A general physiological role of αSN has not yet been clearly defined. Due to its widespread protein interactions and presence in specific signalling pathways, as a monomer it has been associated with multiple physiological functions. In the Central Nervous System (CNS) αSN is synthesized by neurons and glia [24, 25]. In brain (BR) homogenates, a direct interaction between αSN and tyrosine hydroxylase (TH), the rate-limiting enzyme in the synthesis of catecholamines and melanin, has been shown [26]. This interaction inhibits TH activity in a dose-dependent manner thereby regulating the synthesis of dopamine in the substantia nigra pars compacta [27], noradrenaline in the locus coeruleus [28], and adrenaline in the adrenal glands [29]. The physiological consequences of a decrement in catecholamines and melanin synthesis are present in the symptomatology of PD and Lewy Body Dementia [30]. Several other studies show multimeric membrane-bound αSN is a triggering factor in the assembly of the SNARE protein complex, where αSN primarily interacts with Synaptobrevin, a membrane protein present in the storage neurotransmitter vesicle [10]. Interaction of these proteins on the neurotransmitter vesicle leads to binding of the presynaptic membrane, promoting the fusion and release of neurotransmitters. Interestingly, deletion of αSN in mice does not have negative implications for normal CNS activity or survival [31].
Skeletal muscle (SM) accounts for 40% of vertebrate body weight and is therefore the most abundant excitable tissue in the body. The αSN gene, mRNA and protein has been detected in SM [32-34]. In human SM, it has also been detected to be part of the inclusion bodies in the progressive muscle disorder Inclusion-Body Myositis [2]. However, its exact role in muscle function has not been systematically studied. Recently, it has been shown to participate in the traffic of GLUT4 transporter vesicles to the plasma membrane, independent of insulin stimulation [34]. Additionally, when treated with recombinant αSN, SM and pre-adipocytes in culture have increased glucose transport inside the cell through the LPAR2/GAB1/P13K/Akt route, an insulin-independent pathway [35]. In SM and BR, there is a clear involvement of αSN with the plasma membrane.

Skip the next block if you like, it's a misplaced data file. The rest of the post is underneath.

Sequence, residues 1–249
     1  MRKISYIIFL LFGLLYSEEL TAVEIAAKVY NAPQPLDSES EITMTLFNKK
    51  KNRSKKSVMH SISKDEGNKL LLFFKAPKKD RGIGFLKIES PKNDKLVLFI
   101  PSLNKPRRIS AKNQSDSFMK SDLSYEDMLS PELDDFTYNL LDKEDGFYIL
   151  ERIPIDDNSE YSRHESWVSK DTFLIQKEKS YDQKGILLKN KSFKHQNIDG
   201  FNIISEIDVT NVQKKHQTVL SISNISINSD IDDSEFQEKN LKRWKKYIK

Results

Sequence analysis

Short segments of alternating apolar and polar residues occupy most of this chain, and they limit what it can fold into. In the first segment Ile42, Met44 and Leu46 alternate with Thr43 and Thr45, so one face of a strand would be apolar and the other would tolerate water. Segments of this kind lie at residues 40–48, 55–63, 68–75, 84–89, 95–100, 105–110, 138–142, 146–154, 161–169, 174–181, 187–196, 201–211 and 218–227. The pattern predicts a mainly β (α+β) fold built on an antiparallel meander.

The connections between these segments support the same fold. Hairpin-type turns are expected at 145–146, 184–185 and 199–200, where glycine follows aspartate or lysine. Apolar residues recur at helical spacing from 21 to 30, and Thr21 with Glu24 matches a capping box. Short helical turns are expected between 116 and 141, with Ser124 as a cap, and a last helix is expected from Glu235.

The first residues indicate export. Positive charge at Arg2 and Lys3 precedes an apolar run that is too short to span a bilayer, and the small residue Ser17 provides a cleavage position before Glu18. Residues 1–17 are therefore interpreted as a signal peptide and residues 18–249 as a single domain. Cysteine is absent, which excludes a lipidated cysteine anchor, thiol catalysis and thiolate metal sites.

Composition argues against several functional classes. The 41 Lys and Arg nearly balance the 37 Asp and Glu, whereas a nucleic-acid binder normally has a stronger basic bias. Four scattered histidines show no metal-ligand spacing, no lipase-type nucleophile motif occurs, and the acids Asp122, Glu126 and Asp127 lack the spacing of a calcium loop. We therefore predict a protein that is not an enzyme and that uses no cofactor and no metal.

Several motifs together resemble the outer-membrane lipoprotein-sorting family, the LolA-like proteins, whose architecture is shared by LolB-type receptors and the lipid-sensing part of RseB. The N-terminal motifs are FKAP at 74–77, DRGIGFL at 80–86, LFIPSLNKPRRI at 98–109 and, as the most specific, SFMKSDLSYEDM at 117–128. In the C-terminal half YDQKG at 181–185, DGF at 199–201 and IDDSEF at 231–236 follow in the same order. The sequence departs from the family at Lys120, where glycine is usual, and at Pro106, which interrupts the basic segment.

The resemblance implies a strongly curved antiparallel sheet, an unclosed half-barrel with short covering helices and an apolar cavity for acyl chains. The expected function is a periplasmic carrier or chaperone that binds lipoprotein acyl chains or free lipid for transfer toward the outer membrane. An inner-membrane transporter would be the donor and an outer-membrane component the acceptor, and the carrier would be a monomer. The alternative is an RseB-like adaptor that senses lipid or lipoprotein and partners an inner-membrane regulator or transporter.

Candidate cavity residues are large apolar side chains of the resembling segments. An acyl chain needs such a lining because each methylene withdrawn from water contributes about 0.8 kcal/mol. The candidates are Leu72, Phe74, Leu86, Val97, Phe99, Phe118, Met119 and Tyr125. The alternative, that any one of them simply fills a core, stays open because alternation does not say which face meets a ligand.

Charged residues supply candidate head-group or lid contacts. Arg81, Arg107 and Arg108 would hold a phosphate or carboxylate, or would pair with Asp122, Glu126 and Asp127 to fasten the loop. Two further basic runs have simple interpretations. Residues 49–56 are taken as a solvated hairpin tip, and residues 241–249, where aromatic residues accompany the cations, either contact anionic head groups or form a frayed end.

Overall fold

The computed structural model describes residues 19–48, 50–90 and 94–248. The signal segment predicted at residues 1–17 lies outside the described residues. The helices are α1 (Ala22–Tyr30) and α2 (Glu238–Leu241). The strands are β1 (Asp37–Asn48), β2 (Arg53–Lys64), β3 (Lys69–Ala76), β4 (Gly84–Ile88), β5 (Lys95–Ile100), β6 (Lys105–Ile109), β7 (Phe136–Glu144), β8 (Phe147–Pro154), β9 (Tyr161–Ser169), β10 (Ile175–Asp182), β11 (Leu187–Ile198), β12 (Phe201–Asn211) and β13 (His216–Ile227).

Ageing is part of normal physiological development of most animals, characterised by deterioration in physiological functions and metabolic processes, as well as an important factor that increases the risk of neurodegenerative diseases in humans. During normal aging, post-mitotic tissues such as SM and BR have been associated with a progressive loss in cell numbers. The progressive effect of aging, mainly on SM is a fundamental feature to understand the frailty observed in old animals.
The association between αSN in SM and BR during normal aging remains to be evaluated, in particular, the distribution and interaction in surface membranes. Understanding the interaction of αSN with lipid membranes and the conformational properties of its bound state in vivo can help identify what promotes transition from physiological to pathological condition during aging in some individuals. In the present study, we investigate in isolated plasma membranes from SM and BR of young and old rats the presence and membrane distribution of αSN to determine whether αSN belongs to a group of proteins that are naturally overexpressed during aging. Furthermore, we studied the contribution of SM towards extracellular αSN that may be of relevance to αSN presence in body fluids.

Materials and Methods


All procedures were conducted in accordance with the Guide for the Care and Use of Laboratory Animals of the Institute of Laboratory Animal Resources of the United States as approved in Mexico by the Ethics Committee of the School of Medicine of the National Autonomous University of Mexico (UNAM) (NOM-062-ZOO1999).